What about the brain? The brain is preferentially given glucose above all other organs. Glucose in its ready form, at that. But does this mean carbohydrates are necessary? Since glucose can be had from fat and protein as well, then no.

What about the claim of protein and fat—when converted to energy—weakening the immune system? This seems to be taken from human research where athletes in intensive training had suppressed immune systems which could be improved by consuming proper amounts of carbohydrate. Additionally, white blood cell production in humans seems linked to glucose production. More glucose present means the body is better able to mount an immune response—until there is “too much” glucose around and insulin spikes and starts suppressing all other pathways in the body except for those needed to force the glucose into cells (fat cells). High amounts of simple carbohydrates and sugars are known to suppress the immune system. If this is the case, though, one could wonder how a diet high in grain affects our pets—overstimulation of the immune system due to high concentrations of glucose from the grain? Perhaps this is why many pets suffer “allergies” while on grain!

One other comment I have here is that as long as the animal is receiving appropriate fat and protein, glucose production will not be an issue. And for carnivorous animals like dogs, I cannot help but wonder if their white blood cells are more sensitive to glucose than ours—meaning, less glucose is needed to “stimulate” canine white blood cell (WBC) production compared to human WBC production.

Using protein and fat for energy does not weaken the immune system unless there is not enough to go around, so to speak. If someone is starving, then using protein and fats for energy—while necessary—is a little ‘cost-intensive’ on the body. But it is not the lack of carbs that is hurting them; it is the simple lack of enough food. Similarly, a human athlete in intensive training may overwork their body to the point that using protein and fats for fuel becomes too cost-intensive to their body.

What about poor hair growth and constant shedding resulting from a lack of carbohydrates? Can these indicate a ‘need’ for carbs? Maybe, but more likely it indicates a need for better overall nutrition. I personally have NEVER heard of ‘carbohydrate deficiency’ in any animal. Why? Because there is NO SUCH THING as a “necessary carbohydrate,” just necessary glucose. Our bodies, and our dogs’ bodies, can do without carbohydrates (although I would say our dogs would fare better than humans, since we are omnivores who do well with fresh vegetables in our diet—except for some cultures that eat mostly meat!). Fats and proteins can be converted easily to necessary glucose. Poor hair growth and constant shedding are linked to an overall poor diet, poor consumption of essential fatty acids, biotin deficiencies, some vitamin and mineral deficiencies, AND a lack of good fats and proteins in the diet. PROTEIN, not carbohydrate, is the building block for hair and skin and all other parts of the body. Carbohydrates do nothing for building and maintaining the body structures except provide easy glucose to fuel the rebuilding process.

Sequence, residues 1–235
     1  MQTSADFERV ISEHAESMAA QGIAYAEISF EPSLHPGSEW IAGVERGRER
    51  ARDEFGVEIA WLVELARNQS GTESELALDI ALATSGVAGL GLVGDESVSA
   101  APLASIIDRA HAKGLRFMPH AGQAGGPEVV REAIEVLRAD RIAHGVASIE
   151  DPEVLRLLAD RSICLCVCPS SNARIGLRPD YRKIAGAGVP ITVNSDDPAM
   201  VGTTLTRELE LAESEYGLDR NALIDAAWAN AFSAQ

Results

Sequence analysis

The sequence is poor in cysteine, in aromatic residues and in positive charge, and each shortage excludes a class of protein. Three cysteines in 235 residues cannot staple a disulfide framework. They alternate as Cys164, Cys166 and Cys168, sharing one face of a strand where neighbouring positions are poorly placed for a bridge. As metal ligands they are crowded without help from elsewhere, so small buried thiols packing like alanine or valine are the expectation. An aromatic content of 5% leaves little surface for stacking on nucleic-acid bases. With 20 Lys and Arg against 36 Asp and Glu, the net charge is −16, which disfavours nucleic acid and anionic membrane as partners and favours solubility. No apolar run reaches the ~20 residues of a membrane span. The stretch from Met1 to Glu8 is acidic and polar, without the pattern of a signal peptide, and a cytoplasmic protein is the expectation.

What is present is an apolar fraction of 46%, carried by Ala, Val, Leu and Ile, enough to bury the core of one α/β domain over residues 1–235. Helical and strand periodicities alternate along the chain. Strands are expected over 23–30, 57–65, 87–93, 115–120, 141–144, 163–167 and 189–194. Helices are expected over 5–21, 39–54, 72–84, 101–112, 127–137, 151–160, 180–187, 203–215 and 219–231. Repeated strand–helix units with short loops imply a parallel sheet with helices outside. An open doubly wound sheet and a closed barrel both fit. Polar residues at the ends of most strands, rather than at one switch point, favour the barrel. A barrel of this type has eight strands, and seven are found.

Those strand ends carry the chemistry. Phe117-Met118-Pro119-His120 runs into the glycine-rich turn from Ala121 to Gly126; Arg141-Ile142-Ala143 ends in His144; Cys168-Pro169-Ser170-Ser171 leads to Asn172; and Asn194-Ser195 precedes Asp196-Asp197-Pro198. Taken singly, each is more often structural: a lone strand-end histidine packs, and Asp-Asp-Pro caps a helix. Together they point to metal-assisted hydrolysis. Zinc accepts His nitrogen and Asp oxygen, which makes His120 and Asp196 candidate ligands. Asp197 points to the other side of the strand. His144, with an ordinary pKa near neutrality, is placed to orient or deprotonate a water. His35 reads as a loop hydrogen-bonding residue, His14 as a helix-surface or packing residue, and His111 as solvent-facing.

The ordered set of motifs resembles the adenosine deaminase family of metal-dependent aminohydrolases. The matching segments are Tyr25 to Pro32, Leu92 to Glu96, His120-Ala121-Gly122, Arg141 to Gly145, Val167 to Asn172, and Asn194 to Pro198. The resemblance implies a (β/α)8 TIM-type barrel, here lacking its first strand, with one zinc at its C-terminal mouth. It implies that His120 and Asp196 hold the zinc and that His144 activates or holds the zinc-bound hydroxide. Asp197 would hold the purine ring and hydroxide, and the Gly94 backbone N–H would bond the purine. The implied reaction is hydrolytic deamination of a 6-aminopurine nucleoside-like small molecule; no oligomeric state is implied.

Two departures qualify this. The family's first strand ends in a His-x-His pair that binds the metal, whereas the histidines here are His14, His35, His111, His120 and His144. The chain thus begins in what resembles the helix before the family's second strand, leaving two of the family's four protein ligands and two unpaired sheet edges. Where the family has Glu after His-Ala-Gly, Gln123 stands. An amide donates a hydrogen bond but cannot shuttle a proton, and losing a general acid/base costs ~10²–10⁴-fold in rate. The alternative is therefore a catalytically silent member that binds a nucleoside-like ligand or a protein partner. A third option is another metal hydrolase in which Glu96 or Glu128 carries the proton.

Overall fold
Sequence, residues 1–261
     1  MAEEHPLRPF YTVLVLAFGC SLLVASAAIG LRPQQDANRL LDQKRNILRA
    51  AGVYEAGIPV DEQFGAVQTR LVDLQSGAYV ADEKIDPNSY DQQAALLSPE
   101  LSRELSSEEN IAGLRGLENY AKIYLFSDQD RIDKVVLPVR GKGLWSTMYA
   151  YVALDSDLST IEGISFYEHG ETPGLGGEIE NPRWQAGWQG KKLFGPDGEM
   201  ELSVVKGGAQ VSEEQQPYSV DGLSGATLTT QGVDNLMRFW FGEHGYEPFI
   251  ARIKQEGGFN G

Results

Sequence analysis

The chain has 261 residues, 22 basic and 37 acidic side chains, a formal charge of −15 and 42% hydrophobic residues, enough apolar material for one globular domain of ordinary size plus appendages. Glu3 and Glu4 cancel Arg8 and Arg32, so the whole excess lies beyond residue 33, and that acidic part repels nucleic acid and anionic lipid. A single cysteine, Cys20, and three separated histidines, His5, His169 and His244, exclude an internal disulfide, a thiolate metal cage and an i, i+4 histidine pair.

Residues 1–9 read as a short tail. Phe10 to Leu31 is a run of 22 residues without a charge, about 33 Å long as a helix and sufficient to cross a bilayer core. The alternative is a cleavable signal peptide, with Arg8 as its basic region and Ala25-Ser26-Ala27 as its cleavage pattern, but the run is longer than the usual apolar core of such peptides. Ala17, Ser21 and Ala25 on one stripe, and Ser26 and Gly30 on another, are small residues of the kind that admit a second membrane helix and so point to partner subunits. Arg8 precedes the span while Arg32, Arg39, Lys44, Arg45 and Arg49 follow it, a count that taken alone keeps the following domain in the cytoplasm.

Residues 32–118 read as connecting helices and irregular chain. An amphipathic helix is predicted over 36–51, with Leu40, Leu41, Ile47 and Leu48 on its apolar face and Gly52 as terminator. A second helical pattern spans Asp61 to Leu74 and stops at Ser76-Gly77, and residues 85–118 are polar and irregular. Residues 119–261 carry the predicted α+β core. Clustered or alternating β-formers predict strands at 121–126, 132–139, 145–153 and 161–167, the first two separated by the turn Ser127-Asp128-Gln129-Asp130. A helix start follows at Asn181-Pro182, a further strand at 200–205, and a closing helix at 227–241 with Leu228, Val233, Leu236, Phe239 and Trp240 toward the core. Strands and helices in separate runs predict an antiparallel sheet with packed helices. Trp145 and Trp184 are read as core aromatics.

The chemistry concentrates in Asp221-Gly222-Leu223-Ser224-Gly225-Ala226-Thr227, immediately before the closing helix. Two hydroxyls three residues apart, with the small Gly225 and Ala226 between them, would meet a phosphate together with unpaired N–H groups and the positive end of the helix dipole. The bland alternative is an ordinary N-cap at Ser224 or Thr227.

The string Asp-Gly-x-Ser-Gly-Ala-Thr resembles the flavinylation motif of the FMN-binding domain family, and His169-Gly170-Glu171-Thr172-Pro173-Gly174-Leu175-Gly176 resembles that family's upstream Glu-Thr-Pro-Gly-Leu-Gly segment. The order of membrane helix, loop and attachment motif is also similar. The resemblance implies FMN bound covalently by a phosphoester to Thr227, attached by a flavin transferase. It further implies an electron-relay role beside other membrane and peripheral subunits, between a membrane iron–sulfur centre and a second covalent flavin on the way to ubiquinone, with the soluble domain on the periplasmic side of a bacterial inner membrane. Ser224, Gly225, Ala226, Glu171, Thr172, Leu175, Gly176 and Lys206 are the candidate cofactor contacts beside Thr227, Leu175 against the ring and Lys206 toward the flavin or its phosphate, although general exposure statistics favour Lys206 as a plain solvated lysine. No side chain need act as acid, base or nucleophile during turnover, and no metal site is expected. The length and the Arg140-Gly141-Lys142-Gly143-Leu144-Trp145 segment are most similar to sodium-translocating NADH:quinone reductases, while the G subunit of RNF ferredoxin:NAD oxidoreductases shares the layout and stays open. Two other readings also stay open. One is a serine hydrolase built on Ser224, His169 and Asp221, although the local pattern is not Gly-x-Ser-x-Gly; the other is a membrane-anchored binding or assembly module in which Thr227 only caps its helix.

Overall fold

What about thyroid function? Thyroid function is dependent upon the correct amount of GLUCOSE produced by the dog’s body, not by the correct amount of carbohydrates in the diet. Too much glucose from easily available carbohydrate energy sources can cause just as many problems as not enough glucose. Since we have already established that glucose can be produced from fat and protein, then it would again seem that carbohydrates are actually unnecessary provided that there is enough protein and fat to go around (and a raw diet has PLENTY!).

B compounds, or B vitamins, are found not only in the dog’s own intestine (bacteria produce some B vitamins) but also in the meat and organs of prey animals. Feeding a variety of organ meats as part of a proper raw diet will cover the B-vitamin requirement quite easily. One has to wonder: how much of the B compounds in grain and starch and veggies is actually available to the dog? Compared to something more bioavailable like liver, then I would say ‘not much.’